In a quest to find my personal independence, I had to find out where my ancestors came from, he wrote in another post on Instagram. I set out tracing my African ancestral roots, and it lead me to Ghana. Upon finding out this information, I wanted to visit the sites responsible for myself (and many other Black folks in the African Diaspora) for being forced into the hells of the middle passage. I wanted to see a fraction of what they saw before reaching the point of no return. I spent time with the/my Ghanaian people, from visiting the local hospital in Keta and the village of Atito, to eating banku in the homes of local friends, and paying my respects to Kwame Nkrumahs Memorial Park. I felt their love, and truly I hope that they felt mine in return.
The Ghana trip followed his previous one to Egypt alongside 49ers receiver Marquise Goodwin.
9,618 Likes, 90 Comments – Marquise Goodwin (@marquisegoodwin) on Instagram: “KMT // the black land // Day 1”
A few days ago, current 49ers GM John Lynch said that Kaepernick was having an image crisis, and that he could help his chances of being accepted back into the league if he made it clear that he’s committed to being an NFL signal-caller. Fox Sports commentator Shannon Sharpe responded by saying that he believes Kaep is being taught a lesson and the NFL is sticking it to him because he didnt bow down.
Well, Kaep, to the delight of few and consternation of many (just check the comments section on any story about his 4th of July post while in Ghana) is showing no interest in pandering to the media with some public relations campaign where he begs for another chance. Teams know that he’s in shape and that he wants to play. And his former coaches have dispelled the myth of him being a distraction, or a player with no skills who’s washed up.
So what’s the deal? (That’s another rhetorical question by the way)
In Frederick Douglass’ famous words that he delivered on July 5th in 1852, in a speech at an event commemorating the signing of the Declaration of Independence, he merely asked and answered a simple question, “What, to the American slave, is your 4th of July? I answer; a day that reveals to him, more than all other days in the year, the gross injustice and cruelty to which he is the constant victim. To him, your celebration is a sham; your boasted liberty, an unholy license; your national greatness, swelling vanity; your sound of rejoicing are empty and heartless; your denunciation of tyrants brass fronted impudence; your shout of liberty and equality, hollow mockery; your prayers and hymns, your sermons and thanks-givings, with all your religious parade and solemnity, are to him, mere bombast, fraud, deception, impiety, and hypocrisy — a thin veil to cover up crimes which would disgrace a nation of savages. There is not a nation on the earth guilty of practices more shocking and bloody than are the people of the United States, at this very hour.”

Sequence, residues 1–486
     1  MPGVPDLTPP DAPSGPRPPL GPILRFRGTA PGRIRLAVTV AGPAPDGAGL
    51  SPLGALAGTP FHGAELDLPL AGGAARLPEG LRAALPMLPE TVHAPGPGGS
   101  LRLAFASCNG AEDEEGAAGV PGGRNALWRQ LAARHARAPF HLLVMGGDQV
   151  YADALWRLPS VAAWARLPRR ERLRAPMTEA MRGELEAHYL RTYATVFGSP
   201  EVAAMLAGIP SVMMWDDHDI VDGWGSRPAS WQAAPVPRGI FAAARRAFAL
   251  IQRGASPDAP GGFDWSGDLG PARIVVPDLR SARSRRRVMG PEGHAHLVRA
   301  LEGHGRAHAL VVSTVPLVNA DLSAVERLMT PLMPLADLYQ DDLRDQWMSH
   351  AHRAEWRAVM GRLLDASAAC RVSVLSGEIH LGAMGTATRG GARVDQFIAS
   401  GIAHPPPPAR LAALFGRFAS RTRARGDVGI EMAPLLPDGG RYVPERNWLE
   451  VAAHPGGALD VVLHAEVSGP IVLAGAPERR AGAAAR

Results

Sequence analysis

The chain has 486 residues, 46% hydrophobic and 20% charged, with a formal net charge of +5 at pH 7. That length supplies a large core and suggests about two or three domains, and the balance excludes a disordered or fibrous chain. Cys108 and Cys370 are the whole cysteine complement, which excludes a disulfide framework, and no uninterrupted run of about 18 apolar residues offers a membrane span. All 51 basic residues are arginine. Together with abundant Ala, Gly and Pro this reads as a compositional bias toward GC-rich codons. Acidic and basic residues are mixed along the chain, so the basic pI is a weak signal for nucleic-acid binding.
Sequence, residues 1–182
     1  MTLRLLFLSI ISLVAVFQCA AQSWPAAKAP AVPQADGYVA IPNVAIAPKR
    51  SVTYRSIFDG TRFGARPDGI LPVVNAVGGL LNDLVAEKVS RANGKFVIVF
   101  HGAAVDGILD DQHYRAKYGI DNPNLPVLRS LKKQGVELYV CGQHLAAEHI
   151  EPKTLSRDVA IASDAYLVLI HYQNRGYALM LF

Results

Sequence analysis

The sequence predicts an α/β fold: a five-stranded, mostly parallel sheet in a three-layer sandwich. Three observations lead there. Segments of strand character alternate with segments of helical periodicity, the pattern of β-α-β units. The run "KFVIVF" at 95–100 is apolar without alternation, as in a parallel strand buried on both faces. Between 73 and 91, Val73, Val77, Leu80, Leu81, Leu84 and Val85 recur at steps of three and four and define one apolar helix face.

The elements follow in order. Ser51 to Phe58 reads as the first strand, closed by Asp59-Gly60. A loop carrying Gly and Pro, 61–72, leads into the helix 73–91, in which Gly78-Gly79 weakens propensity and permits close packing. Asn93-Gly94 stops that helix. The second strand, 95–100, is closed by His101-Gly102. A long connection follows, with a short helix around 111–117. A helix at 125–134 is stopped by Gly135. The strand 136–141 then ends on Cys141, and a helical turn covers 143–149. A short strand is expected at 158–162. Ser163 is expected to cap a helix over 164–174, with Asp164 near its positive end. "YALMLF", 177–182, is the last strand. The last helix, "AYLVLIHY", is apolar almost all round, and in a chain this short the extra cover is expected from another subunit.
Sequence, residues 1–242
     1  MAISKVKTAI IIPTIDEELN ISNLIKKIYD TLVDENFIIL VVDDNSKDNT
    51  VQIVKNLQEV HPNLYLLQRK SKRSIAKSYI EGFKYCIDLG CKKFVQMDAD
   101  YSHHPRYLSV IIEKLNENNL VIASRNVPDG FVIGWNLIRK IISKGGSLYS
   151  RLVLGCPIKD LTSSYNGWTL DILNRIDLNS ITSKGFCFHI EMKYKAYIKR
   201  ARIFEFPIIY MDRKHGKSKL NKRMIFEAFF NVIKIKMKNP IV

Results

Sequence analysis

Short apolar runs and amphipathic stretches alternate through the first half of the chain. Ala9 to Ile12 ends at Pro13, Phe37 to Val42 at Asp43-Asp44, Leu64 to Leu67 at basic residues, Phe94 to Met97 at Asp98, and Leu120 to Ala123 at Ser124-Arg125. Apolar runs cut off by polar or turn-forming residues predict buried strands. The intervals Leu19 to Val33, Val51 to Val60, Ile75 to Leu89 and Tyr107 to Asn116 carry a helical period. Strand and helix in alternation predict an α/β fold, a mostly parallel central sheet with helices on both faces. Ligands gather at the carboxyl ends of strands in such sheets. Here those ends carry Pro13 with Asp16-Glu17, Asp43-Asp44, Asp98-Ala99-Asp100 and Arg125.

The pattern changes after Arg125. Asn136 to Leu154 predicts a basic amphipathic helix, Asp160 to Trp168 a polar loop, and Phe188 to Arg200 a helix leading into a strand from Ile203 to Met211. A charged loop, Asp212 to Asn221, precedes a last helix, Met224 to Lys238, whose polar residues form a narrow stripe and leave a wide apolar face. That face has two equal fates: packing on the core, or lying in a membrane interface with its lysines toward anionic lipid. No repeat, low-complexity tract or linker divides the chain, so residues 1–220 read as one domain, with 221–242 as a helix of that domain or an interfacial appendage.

In his search for his own personal truth, Kaepernick finds – like many others who are disheartened with America’s past and current treatment of people of color – validity in Douglass’ words that still ring true today, 165 years after he delivered them.
When people dismissed him, saying he was all talk and no action after the initial shockwave of his National Anthem protest, Kaepernick donated his gigantic sneaker collection to homeless people in San Francisco, helped raise funds to fly a plane full of food and water to help the struggling population of Somalia, made a $50,000 donation to Meals on Wheels, donated hundreds of custom suits to a charity that helps people get a job after they’re released from jail and has donated $700,000 to charity over the past nine months as part of a pledge last season where he promised to donate a total of $1 million to help communities in need. In addition, he runs his “Know your rights” camp in various cities throughout the country.
People took offense to his post on the 4th of July, but they should have taken offense to our great country’s pre-existing conditions that he’s been pointing out, and the terminal sickness of racism that will ultimately be our downfall unless it can be properly addressed, honestly examined and an infrastructure of change and reconciliation implemented to make America be truthful to its own words.
It was all fun and games when Colin Kaepernick was running and throwing all those touchdowns. But now that he’s pointing out truths that are hard for some to swallow, America doesn’t have any more love for him. All of those bets are now off
They say the truth shall set you free.
But in there here and now, the truth doesn’t set you free. It makes you become enraged. And for people that can’t handle the truth, they become livid, defensive, vicious and ugly when it’s pointed out.
It’s all fun and games, I guess, until someone of his Kapernick’s stature gains an eye.